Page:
I have been looking for articles regarding thankfulness, which led me to an article by Leslie Barker in the Dallas Morning News. 10 Things You Can Do Right Now To Live Longer includes being grateful. Plus, it has a lot of other good ideas.
So, I am posting this, despite the fact that it probably is a bit of a stretch for a legal blog. But, I am grateful that you understand me by now. (see what I did there!!!) This article includes quotes and support from a few doctors. A good reminder of the benefit of being thankful… and some other stuff:
Floss: Flossing removes plaque, the bacterial film that forms along your gum line. Lessen your chances of heart disease, stroke, diabetes, Alzheimer’s disease and some forms of cancer. (Dr. Larry Korenman).
Years added? More than six if you floss daily (which only 5 percent to 10 percent of Americans do), writes Dr. Michael Roizen in RealAge.
Get a colonoscopy: “It’s a great test,” says Radhika Vayani, an internal medicine doctor of osteopathy at the University of North Texas Health Science Center in Fort Worth. That could save you from having colon cancer in five years.” Years added? Lots. Nine out of 10 people whose colon cancer is discovered early will still be alive in 10 years, according to the American Cancer Society. Many will live a normal lifespan.
Stop eating before you are full: Most Americans eat and eat “till we’re so full we’re about to be sick,” says Vayani. “But it takes the body 15 to 20 minutes to say, ‘You’re full.’”
Years added? Being 100 pounds overweight can subtract a decade from your life, according to an Oxford University study. So it stands to reason that maintaining a healthy weight and thus reducing your risk for diabetes, heart disease and various other unpleasantries would add at least some precious time to your life.
Use sunscreen: In a Centers for Disease Control study, only 32 percent of adults reported usually applying sunscreen. Yet this year in the U.S., 3.5 million people will get skin cancer and 76,000 more will develop melanoma, says the American Cancer Society. Every hour, someone will die from that deadliest form.
Years added? Possibly 20. The CDC study reported that someone who died of melanoma between 2000 and 2006 died two decades prematurely. Although the sun doesn’t cause all melanomas, it does cause most.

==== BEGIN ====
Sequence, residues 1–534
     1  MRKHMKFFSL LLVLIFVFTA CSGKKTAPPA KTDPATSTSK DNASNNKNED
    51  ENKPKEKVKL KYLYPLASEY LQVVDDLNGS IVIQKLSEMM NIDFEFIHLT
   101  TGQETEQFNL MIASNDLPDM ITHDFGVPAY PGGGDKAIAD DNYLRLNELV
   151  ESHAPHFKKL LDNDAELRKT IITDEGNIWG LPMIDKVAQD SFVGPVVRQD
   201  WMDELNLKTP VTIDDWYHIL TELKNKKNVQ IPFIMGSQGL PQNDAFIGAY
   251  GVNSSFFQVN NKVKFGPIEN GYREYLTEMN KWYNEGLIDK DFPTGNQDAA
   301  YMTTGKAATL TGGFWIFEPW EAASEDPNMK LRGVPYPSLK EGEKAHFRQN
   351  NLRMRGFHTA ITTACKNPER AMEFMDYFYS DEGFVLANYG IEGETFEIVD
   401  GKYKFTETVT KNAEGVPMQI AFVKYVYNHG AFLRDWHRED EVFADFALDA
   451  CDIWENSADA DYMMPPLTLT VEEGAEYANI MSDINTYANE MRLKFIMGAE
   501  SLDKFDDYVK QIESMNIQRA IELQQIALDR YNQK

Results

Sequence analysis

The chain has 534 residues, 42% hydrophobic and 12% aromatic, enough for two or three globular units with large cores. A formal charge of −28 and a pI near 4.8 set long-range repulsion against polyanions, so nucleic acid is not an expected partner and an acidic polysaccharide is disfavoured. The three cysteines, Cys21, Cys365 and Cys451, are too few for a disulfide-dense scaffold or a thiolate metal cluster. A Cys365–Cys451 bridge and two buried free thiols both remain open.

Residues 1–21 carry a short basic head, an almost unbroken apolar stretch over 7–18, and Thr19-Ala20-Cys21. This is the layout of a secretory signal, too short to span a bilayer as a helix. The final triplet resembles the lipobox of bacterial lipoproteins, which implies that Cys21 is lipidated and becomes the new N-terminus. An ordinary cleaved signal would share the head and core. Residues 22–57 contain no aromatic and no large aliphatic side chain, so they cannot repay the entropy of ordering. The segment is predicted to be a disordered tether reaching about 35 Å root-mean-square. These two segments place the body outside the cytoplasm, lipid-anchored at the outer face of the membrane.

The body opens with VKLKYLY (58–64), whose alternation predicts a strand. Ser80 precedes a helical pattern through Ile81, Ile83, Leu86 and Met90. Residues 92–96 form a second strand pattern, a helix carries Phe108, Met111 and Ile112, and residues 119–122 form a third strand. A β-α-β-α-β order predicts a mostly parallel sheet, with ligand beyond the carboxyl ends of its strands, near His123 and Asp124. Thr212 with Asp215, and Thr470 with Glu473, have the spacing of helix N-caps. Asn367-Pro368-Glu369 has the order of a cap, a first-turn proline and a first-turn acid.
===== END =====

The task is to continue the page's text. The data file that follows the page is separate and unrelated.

Stop smoking: Years added? “If you quit at age 30, you can increase your life by 10 years,” she says. Quit at 40? Add nine years. 50? Six years. 60? Three.
Sleep: Not getting enough has been linked to memory problems, hearing problems, anger, high blood pressure, stroke, depression, vehicle accidents and obesity. A decades-long international study of 1.3 million people found “unequivocal evidence of the direct link” between lack of sleep and premature death, according to sleepbetter.org.
Move: “Exercise has been demonstrated over and over to be useful,” Johnson says. “Truth is, any level is of value.” Walking, he says “gets you outside, and some outside is good as long as you don’t overdo it. Years added? At least three years. That’s the number from a study reported in The Lancet for people who exercised even 15 minutes a day. Put another way, a story on WBUR-FM, Boston’s public radio station, reported that every minute you exercise adds seven minutes to your life.
Eat produce: Benefits abound. Among them: Eating five or more servings per day — instead of a piddly three or less — reduces your risk of stroke by 26 percent, according to a study reported in Men’s Health. Years added? three to seven years.
Cultivate healthy relationships: Spending time with family and friends is “psychologically helpful,” Johnson says, adding that it “isn’t a cure-all; it won’t counteract a McDonald’s cheeseburger.”
Vayani tells patients, “If you have people in your life who are negative, who are pulling you down, you have to get rid of that relationship. It affects you more than you realize.” Years added? Nothing specific, but “studies have shown that people with more friends and people in healthy relationships live longer,” she says.
Be grateful: “We experience great things all day long that we fail to acknowledge,” Johnson says. “I don’t want to sound new wave-y, but our health is more than just physical health. I see dozens of people who have illnesses that would lay you or me low, but they seem totally happy. How in the Sam Hill can that be? They’ve chosen to look at the good instead of the challenges.”
Years added? Maybe some, maybe none. “Even if I don’t live a long time,” Johnson says, “I’m happy with what I experience.
And for pic o’ day, I am posting a picture that I have now posted for three straight years. This Thanksgiving pic never gets old!
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